Partitioning is when we break up a number into smaller, more manageable pieces to help answer a calculation. In the beginning, children are introduced to partitioning through place value, so adding the units together and the tens together. This concept is first introduced in Year 1. It is essential that children can manage this before they are first introduced to more formal written methods of calculation. Have a look at the examples below to see the order in which the children learn to partition in our school.
Here, some year 2 children have used a very basic method of partitioning to add together two 2-digit numbers. They have neatly drawn out pictorial representations of the tens and units and then counted in tens and units to add them together.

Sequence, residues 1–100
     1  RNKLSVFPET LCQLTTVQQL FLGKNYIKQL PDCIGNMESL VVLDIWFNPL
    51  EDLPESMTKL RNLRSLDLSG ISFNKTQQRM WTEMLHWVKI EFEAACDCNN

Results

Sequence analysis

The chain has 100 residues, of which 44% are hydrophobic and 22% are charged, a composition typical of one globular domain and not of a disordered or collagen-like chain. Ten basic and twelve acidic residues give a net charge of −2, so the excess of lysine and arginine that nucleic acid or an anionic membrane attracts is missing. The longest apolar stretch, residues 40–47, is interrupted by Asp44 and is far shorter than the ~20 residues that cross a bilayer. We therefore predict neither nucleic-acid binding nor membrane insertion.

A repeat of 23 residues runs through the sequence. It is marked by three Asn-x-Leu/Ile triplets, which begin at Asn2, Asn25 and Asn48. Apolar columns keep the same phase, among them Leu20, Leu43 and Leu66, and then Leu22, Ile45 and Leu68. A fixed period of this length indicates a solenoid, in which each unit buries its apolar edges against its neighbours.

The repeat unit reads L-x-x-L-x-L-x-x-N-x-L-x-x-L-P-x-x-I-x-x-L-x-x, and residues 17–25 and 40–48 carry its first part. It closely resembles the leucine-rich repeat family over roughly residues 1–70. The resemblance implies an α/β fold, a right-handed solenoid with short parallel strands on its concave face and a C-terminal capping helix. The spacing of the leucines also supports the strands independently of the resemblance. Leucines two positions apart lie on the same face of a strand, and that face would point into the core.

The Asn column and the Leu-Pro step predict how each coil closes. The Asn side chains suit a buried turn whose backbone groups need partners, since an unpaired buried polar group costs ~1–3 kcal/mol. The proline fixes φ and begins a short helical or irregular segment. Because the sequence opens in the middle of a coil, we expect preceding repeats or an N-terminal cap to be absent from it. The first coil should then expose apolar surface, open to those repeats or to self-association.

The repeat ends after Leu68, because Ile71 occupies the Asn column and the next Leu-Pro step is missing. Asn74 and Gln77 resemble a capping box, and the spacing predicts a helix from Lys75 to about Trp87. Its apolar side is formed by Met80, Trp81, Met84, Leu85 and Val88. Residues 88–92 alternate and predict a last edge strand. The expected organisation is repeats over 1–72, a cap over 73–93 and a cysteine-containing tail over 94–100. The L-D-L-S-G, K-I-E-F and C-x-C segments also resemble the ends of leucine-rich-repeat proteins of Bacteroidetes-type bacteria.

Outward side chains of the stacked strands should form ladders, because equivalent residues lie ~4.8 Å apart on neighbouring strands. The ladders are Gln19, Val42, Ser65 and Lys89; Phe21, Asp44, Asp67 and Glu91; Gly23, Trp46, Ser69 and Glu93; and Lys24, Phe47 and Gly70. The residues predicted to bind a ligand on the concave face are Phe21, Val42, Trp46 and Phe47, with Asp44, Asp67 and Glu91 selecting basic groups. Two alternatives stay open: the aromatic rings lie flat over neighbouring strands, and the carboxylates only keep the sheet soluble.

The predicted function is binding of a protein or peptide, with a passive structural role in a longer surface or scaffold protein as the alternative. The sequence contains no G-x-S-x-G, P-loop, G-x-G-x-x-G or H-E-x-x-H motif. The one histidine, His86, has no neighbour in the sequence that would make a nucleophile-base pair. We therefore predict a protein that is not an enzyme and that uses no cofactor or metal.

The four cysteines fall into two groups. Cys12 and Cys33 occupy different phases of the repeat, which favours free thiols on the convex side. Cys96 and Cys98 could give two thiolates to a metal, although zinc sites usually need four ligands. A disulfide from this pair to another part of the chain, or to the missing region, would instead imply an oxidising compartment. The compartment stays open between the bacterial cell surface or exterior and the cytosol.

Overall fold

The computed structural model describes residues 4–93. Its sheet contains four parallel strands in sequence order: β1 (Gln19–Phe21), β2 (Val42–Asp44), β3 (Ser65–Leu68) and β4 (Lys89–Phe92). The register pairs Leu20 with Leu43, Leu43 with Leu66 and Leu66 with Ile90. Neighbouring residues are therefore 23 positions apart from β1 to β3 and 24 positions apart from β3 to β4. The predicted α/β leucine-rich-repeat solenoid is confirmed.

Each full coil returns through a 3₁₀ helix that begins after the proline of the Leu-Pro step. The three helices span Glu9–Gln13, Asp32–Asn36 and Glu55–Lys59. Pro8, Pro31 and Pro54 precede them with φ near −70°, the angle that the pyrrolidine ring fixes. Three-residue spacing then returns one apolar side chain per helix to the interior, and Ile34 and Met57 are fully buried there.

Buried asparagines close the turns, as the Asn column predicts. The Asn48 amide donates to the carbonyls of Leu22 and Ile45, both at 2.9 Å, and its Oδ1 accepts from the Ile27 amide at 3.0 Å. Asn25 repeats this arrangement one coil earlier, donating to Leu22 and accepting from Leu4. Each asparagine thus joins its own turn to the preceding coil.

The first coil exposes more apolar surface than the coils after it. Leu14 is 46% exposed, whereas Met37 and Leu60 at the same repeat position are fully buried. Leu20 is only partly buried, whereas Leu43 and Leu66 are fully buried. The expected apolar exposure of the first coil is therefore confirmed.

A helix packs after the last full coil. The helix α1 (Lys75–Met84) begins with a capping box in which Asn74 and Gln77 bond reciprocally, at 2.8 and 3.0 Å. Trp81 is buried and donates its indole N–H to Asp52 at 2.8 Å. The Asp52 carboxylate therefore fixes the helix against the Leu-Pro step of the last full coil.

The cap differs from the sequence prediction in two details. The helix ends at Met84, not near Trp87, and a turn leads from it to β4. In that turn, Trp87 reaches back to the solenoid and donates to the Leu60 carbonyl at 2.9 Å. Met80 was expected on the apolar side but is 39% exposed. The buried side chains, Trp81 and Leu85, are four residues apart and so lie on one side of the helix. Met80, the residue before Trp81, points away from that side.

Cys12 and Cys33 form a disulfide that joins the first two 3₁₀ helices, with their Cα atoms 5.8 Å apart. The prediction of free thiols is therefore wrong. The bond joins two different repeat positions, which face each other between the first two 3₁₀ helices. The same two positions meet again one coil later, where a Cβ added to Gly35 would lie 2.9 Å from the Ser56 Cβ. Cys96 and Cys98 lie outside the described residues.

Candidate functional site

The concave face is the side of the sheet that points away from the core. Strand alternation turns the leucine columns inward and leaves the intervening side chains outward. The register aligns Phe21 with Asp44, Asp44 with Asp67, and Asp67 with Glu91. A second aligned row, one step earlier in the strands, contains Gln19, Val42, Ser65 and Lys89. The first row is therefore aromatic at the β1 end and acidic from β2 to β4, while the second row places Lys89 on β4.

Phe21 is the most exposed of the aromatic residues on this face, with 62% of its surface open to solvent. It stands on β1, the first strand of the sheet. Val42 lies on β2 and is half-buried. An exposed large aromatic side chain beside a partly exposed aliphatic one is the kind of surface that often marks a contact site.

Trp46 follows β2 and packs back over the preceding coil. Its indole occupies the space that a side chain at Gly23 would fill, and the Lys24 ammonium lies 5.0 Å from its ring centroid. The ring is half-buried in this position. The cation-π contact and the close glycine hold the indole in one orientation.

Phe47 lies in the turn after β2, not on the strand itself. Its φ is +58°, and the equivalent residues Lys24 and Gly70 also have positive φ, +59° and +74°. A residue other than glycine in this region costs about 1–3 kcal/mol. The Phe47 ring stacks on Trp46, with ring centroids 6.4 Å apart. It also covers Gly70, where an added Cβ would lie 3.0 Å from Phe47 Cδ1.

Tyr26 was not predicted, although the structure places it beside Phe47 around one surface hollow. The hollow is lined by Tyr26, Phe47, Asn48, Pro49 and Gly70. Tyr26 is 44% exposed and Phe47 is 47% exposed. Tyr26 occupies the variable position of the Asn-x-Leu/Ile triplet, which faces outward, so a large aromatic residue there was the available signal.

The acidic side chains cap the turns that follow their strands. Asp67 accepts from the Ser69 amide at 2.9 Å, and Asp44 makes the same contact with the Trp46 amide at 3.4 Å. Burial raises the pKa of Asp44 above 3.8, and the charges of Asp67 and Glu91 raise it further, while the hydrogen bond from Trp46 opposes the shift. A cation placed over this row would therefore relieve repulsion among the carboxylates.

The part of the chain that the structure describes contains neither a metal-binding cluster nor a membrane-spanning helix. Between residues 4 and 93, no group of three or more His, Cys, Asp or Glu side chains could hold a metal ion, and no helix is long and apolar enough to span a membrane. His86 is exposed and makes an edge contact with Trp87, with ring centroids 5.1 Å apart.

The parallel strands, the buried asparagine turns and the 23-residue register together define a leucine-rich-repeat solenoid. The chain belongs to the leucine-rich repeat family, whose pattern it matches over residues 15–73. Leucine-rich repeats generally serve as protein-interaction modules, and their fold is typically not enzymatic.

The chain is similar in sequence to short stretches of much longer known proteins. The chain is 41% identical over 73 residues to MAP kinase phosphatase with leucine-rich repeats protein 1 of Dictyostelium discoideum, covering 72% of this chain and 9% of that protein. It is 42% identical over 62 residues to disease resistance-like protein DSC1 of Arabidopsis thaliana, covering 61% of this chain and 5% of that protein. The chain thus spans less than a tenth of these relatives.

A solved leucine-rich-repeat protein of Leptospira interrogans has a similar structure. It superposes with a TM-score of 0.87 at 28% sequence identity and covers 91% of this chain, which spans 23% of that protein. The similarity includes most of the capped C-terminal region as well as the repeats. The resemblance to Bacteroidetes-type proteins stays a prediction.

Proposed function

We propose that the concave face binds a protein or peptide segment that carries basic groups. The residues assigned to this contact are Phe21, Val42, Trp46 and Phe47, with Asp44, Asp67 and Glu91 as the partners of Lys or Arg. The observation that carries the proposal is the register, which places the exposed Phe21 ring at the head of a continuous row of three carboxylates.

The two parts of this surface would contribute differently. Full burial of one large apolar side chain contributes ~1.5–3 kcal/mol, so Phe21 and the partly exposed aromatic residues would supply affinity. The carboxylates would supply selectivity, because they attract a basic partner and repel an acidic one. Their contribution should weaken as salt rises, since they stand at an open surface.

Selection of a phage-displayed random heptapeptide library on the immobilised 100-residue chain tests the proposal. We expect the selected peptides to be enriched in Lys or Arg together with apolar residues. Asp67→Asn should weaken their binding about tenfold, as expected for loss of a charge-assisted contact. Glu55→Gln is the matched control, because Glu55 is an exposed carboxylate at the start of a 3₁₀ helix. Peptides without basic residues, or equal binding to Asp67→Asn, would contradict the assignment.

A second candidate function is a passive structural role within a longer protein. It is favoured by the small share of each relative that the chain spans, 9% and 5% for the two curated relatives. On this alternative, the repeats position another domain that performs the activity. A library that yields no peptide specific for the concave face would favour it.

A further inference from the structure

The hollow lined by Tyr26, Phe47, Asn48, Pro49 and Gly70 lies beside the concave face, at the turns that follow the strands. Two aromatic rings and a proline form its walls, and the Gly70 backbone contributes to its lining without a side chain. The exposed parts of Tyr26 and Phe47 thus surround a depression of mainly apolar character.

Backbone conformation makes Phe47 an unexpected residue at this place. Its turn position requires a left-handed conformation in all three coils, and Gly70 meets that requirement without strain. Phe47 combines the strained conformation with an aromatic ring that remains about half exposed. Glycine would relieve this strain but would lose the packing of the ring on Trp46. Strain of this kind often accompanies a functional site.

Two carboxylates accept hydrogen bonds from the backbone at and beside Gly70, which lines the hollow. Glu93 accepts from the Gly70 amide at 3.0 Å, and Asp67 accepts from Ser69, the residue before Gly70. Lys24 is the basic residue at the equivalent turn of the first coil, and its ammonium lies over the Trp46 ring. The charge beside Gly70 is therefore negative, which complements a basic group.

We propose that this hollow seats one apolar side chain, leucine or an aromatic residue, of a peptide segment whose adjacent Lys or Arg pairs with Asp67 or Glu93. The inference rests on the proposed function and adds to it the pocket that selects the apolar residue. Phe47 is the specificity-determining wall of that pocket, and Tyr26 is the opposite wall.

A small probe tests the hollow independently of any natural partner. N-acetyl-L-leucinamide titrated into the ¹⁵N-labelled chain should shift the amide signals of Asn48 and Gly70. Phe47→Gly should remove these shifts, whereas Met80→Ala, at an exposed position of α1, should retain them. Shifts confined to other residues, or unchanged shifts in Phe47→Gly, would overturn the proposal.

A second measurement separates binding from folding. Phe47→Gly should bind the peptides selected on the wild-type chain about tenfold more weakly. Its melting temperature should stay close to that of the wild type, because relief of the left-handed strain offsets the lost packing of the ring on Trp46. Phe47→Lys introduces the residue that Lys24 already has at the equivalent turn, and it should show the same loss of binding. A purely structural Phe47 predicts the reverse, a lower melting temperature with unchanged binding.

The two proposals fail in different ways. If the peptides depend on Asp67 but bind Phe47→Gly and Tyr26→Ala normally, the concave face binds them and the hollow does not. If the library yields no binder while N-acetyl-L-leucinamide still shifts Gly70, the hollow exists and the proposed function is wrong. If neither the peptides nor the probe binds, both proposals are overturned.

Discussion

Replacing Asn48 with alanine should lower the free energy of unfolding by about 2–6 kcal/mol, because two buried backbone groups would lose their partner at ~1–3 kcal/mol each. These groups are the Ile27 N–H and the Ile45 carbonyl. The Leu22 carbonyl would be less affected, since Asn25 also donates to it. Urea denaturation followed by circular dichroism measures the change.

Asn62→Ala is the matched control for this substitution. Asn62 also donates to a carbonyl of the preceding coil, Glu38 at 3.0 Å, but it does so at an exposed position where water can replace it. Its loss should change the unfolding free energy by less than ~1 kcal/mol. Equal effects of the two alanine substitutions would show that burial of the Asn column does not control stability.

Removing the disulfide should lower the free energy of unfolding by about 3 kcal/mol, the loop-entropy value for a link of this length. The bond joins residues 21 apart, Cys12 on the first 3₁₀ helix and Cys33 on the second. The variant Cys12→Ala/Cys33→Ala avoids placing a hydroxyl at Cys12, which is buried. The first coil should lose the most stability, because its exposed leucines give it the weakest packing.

By the very beginning of Year 3, we expect the children to be able to use partitioning to add together 3-digit numbers. In this example, the child has correctly identified that he needs to add together the numbers in the word problem. He has then partitioned the numbers into hundreds, tens and units. He has added these together accurately (300 + 200 = 500, 80 + 30 = 110 and 6 + 7 = 13) before reassembling the sum and adding them back together to give his final answer of 623.